The problem is, they do not hit very often. The voters are not alert to the negative implications of the policies of massive government debt.

The most effective way to eliminate government debt is to lose a major war. The central bank inflates during the war, so all pre-war debts are wiped out. Rising prices are blamed on the war, meaning the bad guys in the other side's trenches. The loser of the war then defaults. (The only exception, most of the time: Japan.) The citizens on the winning side are now saddled with massive debt. The losers escape.

Historians don't mention this in the textbooks that are written for citizens in the winning nations. Historians in the losing side also don't mention it. They know there will be economic recovery. This will create lots of new opportunities to fund new wars that will be funded by massive debt.

The sinews of war are strengthened by central banking. This is why textbooks praise the Bank of England. It let the British fight longer wars and more destructive wars. The message: get a central bank for your nation, so that your politicians can declare war more readily and stay in that war far longer.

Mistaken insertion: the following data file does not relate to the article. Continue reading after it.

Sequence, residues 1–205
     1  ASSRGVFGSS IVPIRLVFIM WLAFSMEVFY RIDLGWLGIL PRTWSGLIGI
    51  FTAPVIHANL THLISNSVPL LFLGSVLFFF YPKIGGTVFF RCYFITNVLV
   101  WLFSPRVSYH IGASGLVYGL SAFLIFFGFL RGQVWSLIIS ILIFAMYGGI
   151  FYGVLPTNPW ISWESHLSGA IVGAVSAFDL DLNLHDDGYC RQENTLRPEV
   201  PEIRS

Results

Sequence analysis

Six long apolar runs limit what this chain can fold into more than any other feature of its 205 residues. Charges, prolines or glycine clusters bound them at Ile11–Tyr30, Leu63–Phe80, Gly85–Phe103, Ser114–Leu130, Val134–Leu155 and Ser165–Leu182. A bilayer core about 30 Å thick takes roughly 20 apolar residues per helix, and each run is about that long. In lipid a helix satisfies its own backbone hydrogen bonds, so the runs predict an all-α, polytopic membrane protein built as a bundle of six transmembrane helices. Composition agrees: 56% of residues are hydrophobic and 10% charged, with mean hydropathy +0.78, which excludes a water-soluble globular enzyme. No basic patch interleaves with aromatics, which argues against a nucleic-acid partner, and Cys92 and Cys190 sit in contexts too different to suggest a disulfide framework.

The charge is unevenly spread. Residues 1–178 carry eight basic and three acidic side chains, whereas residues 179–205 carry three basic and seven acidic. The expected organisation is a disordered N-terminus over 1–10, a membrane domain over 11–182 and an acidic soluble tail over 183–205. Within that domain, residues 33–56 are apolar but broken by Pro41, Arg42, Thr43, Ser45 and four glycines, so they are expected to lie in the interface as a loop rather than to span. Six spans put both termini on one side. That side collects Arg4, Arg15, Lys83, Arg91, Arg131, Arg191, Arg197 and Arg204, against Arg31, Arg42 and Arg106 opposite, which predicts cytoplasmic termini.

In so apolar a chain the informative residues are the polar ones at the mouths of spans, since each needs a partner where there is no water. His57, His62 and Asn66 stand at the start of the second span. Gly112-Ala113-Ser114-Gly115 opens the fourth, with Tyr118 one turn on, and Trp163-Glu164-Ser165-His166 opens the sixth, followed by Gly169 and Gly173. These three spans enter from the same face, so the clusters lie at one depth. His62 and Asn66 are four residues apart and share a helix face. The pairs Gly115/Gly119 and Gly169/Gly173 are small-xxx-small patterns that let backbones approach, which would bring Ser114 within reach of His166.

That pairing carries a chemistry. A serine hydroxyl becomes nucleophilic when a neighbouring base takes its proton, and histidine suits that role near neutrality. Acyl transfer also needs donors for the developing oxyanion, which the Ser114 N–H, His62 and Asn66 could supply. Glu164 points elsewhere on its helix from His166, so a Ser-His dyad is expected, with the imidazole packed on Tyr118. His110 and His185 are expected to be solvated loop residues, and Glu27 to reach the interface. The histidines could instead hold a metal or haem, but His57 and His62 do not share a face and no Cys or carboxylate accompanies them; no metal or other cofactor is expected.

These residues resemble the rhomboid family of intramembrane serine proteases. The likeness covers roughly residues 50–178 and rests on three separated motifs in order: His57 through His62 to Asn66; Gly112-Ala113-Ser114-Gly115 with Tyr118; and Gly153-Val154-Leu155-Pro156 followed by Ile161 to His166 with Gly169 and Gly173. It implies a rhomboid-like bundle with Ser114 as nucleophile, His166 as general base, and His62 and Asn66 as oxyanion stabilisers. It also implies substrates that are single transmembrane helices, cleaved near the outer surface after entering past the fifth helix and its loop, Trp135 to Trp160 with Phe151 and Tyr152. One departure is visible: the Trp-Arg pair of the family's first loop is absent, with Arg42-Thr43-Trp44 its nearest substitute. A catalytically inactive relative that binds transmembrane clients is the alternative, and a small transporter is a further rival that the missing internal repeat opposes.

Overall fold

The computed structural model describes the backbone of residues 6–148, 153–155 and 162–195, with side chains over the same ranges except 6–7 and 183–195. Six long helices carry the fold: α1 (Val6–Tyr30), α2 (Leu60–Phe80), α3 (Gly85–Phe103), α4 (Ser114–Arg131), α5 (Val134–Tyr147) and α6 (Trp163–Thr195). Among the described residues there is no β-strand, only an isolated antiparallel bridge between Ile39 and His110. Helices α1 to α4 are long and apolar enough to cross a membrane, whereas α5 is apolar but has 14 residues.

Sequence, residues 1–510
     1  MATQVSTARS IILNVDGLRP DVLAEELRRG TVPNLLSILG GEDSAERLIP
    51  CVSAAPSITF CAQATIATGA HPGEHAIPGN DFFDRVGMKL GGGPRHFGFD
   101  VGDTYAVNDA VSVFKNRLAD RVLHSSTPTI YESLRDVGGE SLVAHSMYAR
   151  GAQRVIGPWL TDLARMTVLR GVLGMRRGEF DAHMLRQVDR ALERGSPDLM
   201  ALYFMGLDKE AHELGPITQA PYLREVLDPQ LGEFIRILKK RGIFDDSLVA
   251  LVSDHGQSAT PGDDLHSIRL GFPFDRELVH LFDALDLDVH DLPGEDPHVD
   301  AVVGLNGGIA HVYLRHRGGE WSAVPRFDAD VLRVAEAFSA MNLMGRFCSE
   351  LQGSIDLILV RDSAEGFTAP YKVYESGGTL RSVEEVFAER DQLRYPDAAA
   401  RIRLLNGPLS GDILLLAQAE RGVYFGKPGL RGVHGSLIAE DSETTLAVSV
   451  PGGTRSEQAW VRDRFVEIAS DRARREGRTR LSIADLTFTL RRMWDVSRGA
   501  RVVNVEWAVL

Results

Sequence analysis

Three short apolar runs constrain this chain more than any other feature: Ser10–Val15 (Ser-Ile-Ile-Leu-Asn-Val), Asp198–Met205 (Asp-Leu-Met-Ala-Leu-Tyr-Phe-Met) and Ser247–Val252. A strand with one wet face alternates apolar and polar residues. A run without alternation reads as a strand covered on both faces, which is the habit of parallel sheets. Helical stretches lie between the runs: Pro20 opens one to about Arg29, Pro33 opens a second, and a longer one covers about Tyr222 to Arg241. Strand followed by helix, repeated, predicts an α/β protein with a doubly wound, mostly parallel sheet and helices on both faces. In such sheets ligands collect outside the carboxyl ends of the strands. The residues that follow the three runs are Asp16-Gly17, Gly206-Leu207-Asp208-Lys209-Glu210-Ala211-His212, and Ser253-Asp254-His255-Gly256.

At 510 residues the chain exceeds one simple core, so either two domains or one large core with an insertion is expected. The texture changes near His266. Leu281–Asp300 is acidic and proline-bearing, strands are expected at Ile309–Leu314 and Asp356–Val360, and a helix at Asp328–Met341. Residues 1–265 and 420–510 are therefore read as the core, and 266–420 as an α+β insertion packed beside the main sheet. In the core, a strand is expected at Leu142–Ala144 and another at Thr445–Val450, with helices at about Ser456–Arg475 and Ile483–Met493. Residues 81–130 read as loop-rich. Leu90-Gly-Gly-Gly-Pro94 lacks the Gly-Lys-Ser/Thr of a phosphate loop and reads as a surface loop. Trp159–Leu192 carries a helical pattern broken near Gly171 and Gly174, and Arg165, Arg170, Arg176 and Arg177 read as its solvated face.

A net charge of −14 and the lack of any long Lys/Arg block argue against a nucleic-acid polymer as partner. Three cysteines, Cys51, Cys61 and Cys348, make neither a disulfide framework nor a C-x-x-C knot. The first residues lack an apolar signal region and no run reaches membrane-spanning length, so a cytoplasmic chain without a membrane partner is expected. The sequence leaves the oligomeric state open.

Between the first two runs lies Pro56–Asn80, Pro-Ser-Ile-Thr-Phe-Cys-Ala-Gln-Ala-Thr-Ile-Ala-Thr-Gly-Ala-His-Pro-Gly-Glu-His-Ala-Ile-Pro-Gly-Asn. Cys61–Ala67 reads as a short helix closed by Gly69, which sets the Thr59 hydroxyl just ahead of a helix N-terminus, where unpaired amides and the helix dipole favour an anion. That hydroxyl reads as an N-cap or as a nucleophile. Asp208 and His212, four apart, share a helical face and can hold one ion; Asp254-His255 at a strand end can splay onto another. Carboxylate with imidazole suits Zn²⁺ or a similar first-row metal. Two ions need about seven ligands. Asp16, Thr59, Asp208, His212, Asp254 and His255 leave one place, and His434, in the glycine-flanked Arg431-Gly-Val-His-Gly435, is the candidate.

The West's voters have believed this since about 1900. The result: the worst years in history and the worst inflations.

CONCLUSION

There will be no tax increases in the USA before 2014. There will be great increases in Federal debt.

We see that the governments of the West are incapable of reducing massive deficits. There is no significant political resistance to the vast expansion of debt. We are in the final stage of the politicians' addiction to debt. On behalf of future generations, they are buying votes by buying time.

Future generations will elect new politicians who will stiff the trusting, naive holders of government debt. There will be a Great Default. There is no escape. There is no way to grow our way out of this.